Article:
He earned an MD from the New York University of School of Medicine and completed a fellowship in Cardiovascular Disease and Electrophysiology at Cedars-Sinai Hospital.
Larry began his career as a neurologist at the Mount Sinai Alzheimer’s Disease Research Center. From there, he joined Eli Lilly, a pharmaceutical company, where he spent five years as a group leader.
He then joined Pfizer, another pharmaceutical company, serving as Vice President of Neuroscience Clinical Development. He was responsible for all early-phase clinical research. After that, he became CEO of Provectra Therapeutics, a biotech company developing gene therapies for neurodegenerative diseases.
Most recently, Larry was Chief Medical Officer and Executive Vice President of vTv Therapeutics, a biotech company. He holds a Bachelor’s degree in Chemistry and Physics from the University of Illinois, a Ph.D. in Cell Biology from The Rockefeller University, and an MD from The University of Miami Miller School of Medicine.
Barbara has been Oncolyze’s CFO since 2021, working through Danforth Advisors. She’s worked with Danforth since 2020 as a consultant for life sciences companies.
Previously, she held finance leadership roles at pharmaceutical companies Egalet Corporation, Topaz Pharmaceuticals, Genaera Corporation, and Vicuron Pharmaceuticals.
Barbara began her career as an auditor with Deloitte, a professional services firm. She is a certified public accountant and holds a Bachelor’s degree in Accounting, as well as an MBA in Pharmaceutical and Healthcare Marketing from St. Joseph’s University.
John is General Partner at Northlea Partners, a family office through which he has founded multiple early-stage biotech companies. Several of these companies have achieved successful exits.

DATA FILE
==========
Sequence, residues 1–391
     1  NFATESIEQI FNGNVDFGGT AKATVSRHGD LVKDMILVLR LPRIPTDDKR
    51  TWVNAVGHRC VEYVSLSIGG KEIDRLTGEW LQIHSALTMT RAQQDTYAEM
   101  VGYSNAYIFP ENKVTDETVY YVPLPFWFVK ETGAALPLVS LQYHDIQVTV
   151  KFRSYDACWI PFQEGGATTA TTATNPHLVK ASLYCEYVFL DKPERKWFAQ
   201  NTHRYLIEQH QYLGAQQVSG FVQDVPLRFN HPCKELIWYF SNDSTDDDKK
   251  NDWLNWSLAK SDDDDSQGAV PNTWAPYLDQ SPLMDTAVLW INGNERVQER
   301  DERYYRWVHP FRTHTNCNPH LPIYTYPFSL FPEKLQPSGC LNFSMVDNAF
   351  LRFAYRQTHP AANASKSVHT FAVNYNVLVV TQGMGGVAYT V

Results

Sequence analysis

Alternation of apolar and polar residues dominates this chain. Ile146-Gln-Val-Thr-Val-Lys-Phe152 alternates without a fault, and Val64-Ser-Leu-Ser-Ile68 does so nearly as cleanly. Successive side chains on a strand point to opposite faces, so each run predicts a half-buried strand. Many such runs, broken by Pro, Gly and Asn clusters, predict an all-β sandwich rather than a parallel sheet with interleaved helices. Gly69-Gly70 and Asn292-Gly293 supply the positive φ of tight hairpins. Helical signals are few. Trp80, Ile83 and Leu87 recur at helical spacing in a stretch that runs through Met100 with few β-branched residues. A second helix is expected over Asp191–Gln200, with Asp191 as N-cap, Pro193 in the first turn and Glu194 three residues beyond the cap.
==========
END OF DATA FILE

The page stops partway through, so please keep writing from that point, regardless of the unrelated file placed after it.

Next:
Earlier in his career, he became the first full-time Wall Street healthcare analyst with MD qualifications. He also held senior medical positions with Pfizer and Sterling Drug.
During his career, he has served on the advisory board of the College of Chemistry at the University of California, Berkeley, and the Higuchi BioSciences Institute at the University of Kansas.
John is a Fellow of the Royal Society of Medicine in London, and received his MD, as well as a degree in Physiology and Pharmacology, from the University of Birmingham, England.
In addition to his role with Oncolyze, Alexander is Chief Medical Officer of CASI Pharmaceuticals.
Most recently, he was CEO and Chief Medical Officer of Arno Therapeutics, a biotech company, and before that was Chief Medical Officer and Executive Vice President of Clinical Research at MedImmune, a pharmaceutical company acquired for more than $15 billion.
Earlier in his career, Alexander held key clinical roles at Johnson & Johnson, Ortho Biotech, Hoffmann-LaRoche, and Rhone-Poulenc Rorer. He has served as a member of the Medical Advisory Board at Gem Pharmaceuticals and a Director of Ambit Biosciences.
He holds a Bachelor’s degree in Pharmacy from the University of Alberta and an MD from the University of Calgary. He conducted post-graduate training at the University of Texas MD Anderson Cancer Center.
Alex has 15 years of global consulting experience in the life sciences industry, and has guided more than 50 public and private companies.
Most recently, he was Vice President of Business Development and Commercial Operations at Phosphagenics, a pharmaceutical manufacturing company. He focused on R&D efforts and led the company’s partnership with medical device business Terumo.
Before that, he was Head of New Products Marketing at Grunenthal, a Germany-based pharmaceutical company. While there, he led the commercial development of novel pain therapeutics.
Alex earned Bachelor’s degrees in Chemistry and Cell Biology from the University of Illinois, a Ph.D. in Pharmacology and Toxicology from Dartmouth, and was an NIH Postdoctoral Fellow at Northwestern.